Orphan Train

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A social experiment that transported children from crowded coastal cities of the United States—especially NYC to the Midwest for adoption. The orphan trains relocated an estimated 200,000 orphaned, abandoned, or homeless children between 1854 and 1929. At the time the trains began, an estimated 30,000 vagrant children were living on the streets of NYC
References in periodicals archive ?
Aside from writing Mail-Order Kid, Marilyn's other work about the orphan trains includes her tour of Nebraska, from 1991 to 1995, performing as Louisa May Alcott and “Henrietta's Mother,” the mother of an orphan train rider, countless days interviewing Teresa, and limitless hours researching the topic.
Wildflowers: The First Story in the Orphan Train Trilogy
The chapters in Part II of the book are original documents, including letters from children placed by parents or farm parents who took in children of the orphan trains, the first adoption law, the Child Welfare League of America 1938 standards for adoptions, and the Hague Convention on Inter-country Adoptions of 1993.
Searching for home: Three families from the orphan trains.
He promised that orphan trains would be "the means of draining the city of these children.
The novel is very thought-provoking in that it really makes you think about the orphan trains of our past and the lives of the children who rode them.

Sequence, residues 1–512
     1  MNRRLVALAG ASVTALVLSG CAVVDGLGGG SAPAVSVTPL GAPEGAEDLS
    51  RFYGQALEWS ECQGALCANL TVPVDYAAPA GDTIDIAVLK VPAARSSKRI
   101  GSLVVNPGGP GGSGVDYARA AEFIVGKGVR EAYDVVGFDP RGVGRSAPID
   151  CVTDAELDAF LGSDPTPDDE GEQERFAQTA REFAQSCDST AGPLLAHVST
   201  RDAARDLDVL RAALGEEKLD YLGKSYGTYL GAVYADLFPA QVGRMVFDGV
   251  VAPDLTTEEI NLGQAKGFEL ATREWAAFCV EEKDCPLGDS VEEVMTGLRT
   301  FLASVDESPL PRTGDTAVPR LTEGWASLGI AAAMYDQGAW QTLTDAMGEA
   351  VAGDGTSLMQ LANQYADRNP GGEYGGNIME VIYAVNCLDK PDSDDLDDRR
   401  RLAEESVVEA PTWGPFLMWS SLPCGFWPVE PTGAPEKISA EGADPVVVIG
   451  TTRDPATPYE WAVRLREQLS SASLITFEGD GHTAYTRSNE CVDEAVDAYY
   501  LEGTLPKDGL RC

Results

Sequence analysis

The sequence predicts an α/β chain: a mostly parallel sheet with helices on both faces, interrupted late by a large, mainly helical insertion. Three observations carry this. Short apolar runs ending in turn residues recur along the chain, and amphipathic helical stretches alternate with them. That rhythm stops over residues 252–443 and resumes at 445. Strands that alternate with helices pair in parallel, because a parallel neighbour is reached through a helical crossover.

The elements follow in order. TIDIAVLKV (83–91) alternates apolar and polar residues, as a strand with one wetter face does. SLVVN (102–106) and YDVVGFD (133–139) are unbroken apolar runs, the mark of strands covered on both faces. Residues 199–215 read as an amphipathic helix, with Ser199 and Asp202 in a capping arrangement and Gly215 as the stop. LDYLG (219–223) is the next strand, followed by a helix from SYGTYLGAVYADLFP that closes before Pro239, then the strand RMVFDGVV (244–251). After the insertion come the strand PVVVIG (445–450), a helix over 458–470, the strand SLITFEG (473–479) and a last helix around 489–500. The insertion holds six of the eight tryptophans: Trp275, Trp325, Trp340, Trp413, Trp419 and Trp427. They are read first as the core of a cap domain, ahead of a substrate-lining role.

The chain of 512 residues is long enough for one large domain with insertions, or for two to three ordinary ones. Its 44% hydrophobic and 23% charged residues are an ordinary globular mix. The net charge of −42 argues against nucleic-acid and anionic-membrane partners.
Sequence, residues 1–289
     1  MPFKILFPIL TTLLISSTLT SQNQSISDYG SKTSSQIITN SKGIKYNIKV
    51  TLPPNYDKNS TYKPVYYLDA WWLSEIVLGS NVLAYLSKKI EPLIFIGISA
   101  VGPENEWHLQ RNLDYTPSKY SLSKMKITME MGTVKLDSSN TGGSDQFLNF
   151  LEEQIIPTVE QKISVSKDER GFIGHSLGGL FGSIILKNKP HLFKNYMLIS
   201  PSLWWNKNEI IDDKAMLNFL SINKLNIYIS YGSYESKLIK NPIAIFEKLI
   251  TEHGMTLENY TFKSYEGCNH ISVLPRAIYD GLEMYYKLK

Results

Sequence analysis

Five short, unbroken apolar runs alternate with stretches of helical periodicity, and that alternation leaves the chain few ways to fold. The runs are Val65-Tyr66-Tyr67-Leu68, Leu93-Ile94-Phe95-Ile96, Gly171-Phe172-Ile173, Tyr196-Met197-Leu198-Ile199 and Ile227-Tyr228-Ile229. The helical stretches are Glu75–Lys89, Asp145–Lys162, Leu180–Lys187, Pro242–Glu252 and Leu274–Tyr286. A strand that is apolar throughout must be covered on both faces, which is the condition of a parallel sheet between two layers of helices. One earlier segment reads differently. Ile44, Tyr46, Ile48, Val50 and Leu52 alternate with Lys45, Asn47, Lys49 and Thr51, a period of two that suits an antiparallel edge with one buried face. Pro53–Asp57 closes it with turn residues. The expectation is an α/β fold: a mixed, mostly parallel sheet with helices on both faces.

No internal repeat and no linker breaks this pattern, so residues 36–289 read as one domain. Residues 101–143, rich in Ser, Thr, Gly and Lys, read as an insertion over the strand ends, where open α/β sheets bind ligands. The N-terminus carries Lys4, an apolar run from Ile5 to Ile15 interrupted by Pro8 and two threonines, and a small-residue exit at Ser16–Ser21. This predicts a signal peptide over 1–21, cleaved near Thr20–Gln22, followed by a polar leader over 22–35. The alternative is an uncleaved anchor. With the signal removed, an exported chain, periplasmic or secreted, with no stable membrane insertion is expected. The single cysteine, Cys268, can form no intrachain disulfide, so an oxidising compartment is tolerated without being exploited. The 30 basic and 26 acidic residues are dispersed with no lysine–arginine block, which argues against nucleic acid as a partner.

Many of the child-welfare reforms instituted during the early 1900s can be traced to Brace's orphan trains.
The story of the orphan trains (about 1900-1933), which took children from impoverished conditions in eastern US cities to the Midwest in hope of finding homes for them, is fascinating to a wide range of readers.
It was interesting to read this trilogy and to think about how orphan trains were truly a part of American history from 1854 to 1929.
By its close in 1929, his innovative and controversial Orphan Trains program had moved as many as 150,000 children, ages two to sixteen--described as poor, neglected, homeless and unruly, but not necessarily orphaned--from the slums of New York to the mid-west and the west where most found permanent homes.
The orphan trains that were a well-meaning effort to get urban orphans transported from the cities of the east to the farm communities of the west have been the subject of many children's books-it is an endlessly fascinating story after all.
The results were often more harrowing that anything the children had experienced prior to boarding those orphan trains headed west.